Fannie Amelia Dickson Baker Darden was a leading figure in the cultural life of Colorado County for most of the last half of the nineteenth century. She was born in Autauga County, Alabama, on September 13, 1829, to Eliza (Ward) and Moseley Baker. Her father escaped from an Alabama jail and went to Texas to avoid prosecution for embezzling a large sum of money from a bank. He became an officer in Sam Houston's army during the Texas Revolution. In spring 1837 Fannie and her mother left their home in Alabama and sailed to Texas to join her father. They landed at Galveston Island and later moved to Houston. From 1842 to 1846 Fannie returned to Alabama to attend school.
On January 26, 1847, when she was seventeen, she married William John Darden. In 1851 her husband ran a Houston newspaper, The Beacon, which apparently failed before the end of the year. In 1852 he opened a law practice in partnership with John H. Robson in Columbus. In later years he served as the town's mayor, then in the army (where he was wounded) and the government of the Confederate States of America. She had two children, both sons. One of her sons died when he was four years old, and the other of yellow fever in 1873 while still in his early twenties. She began a career as a painter and writer before the Civil War, and was one of three Colorado County artists who lived for a time, with their families, in the large Columbus home of art-patron Robert Robson.
Her husband died on May 29, 1881, after which she sold his library of more than 350 law books and pursued her career in earnest, at various times teaching art in a local school and submitting articles and poems to her hometown newspaper, the Colorado Citizen, and to other publications. She sold her undivided half interest in a 600-acre plantation southeast of Columbus (her husband had been forced to forfeit the other half in 1878) on January 24, 1883, for the low price of $300. She pursued, and on April 10, 1883, received, a headright certificate to replace one secured by her father many years earlier. In early 1883 she was hired to write for an Austin magazine, American Sketch Book, but in less than six months she quit and became a contributor to a magazine published in Corsicana—Texas Prairie Flower.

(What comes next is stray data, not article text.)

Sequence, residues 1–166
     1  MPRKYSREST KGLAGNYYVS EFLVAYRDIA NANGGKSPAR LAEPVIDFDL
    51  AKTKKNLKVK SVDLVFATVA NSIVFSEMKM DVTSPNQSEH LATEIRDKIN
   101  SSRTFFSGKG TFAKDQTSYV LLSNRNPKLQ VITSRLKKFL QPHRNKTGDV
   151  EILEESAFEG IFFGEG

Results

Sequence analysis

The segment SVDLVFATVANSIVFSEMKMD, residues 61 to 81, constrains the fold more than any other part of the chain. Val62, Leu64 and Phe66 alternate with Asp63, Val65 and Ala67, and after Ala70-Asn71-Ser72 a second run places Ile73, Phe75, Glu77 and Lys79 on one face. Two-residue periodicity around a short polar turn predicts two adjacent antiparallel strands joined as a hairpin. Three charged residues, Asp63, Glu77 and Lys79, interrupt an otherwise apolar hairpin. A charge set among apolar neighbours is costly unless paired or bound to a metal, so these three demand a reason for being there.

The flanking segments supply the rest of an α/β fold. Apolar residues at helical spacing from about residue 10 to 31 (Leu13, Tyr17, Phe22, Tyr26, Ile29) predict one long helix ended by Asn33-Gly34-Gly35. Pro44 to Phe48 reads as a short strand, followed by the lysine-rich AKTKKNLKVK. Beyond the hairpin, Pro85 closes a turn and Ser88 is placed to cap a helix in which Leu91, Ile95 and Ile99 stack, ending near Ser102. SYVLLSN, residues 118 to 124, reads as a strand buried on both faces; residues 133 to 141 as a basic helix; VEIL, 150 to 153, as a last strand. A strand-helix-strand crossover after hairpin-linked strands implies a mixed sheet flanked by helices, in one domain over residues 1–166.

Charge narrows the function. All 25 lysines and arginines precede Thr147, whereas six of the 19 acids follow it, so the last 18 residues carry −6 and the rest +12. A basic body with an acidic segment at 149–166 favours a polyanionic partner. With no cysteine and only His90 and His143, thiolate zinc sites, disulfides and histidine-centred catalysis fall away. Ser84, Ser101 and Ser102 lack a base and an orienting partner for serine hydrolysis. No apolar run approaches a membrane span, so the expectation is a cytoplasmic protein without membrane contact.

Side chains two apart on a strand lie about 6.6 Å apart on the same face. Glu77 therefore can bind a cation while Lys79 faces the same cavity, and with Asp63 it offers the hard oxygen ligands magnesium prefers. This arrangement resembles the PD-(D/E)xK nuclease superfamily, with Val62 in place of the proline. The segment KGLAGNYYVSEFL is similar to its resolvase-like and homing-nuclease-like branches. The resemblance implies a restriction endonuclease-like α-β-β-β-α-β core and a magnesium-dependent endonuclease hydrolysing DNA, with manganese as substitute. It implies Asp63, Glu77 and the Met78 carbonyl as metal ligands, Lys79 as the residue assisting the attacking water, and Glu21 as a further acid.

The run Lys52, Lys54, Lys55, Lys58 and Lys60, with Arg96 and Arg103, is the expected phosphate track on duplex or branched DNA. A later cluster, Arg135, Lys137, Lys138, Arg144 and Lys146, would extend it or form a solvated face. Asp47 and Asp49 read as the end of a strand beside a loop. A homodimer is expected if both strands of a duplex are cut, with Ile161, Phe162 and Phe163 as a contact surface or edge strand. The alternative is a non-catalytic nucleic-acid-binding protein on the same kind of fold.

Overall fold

She was extremely active in St. John's Episcopal Church in Columbus where memorials to her remain even today. She was devoted to the early history of Texas and to the Confederacy, both during and after the Civil War. In November 1882 she had surgery for breast cancer but survived another seven years. When she drew up her will on December 11, 1889, she noted that a substantial debt she had incurred at least thirty years earlier was still outstanding. She died on January 4, 1890, leaving a library of at least 150 books, including works by Joseph Addison, John Keats, Henry Wadsworth Longfellow, John Milton, Plato, Edgar Allen Poe, Alexander Pope, Walter Scott, Percy Shelly, William Shakespeare, and Noah Webster. She also owned copies of Henderson Yoakum's and Homer Thrall's histories of Texas, Edward Gibbon's history of Rome, lengthy biographies of George Washington and Thomas Jefferson, plus Charles Darwin's The Descent of Man, and books on phrenology, hydropathy, and the witches of Salem, Massachusetts.
Her earliest known published works were poems. Ten poems dated between 1858 and 1870 and published, presumably in those years, have come to light. Between 1872 and 1889, she published thirty-three poems in the Colorado Citizen. Her poetry was also included in various issues of Texas Prairie Flower, in Sam Houston Dixon's Poets and Poetry of Texas, in Ida Brigand's Southland Writers, in Ella Hutchins Steuart's Gems from a Texas Quarry, in Davis Foute Eagleton's Texas Literature Reader, and in Evelyn M. Carrington's Women in Early Texas. In all, Darden is known to have published fifty-eight poems.
Her best known prose piece, "Dillard Cooper's Account of his Escape from Fannin's Massacre," was first published in the Colorado Citizen on July 30, 1874. It was reprinted in American Sketch Book in 1882. From 1883 through 1885, Texas Prairie Flower published a series of her reminiscences and a series of her short stories, some of which certainly have been lost. More of her prose appeared in these three publications and in Texas Siftings and Steuart's Gems from a Texas Quarry.
Few of her paintings are known to be extant. St. John's Episcopal Church in Columbus owns her self portrait and one or two other works.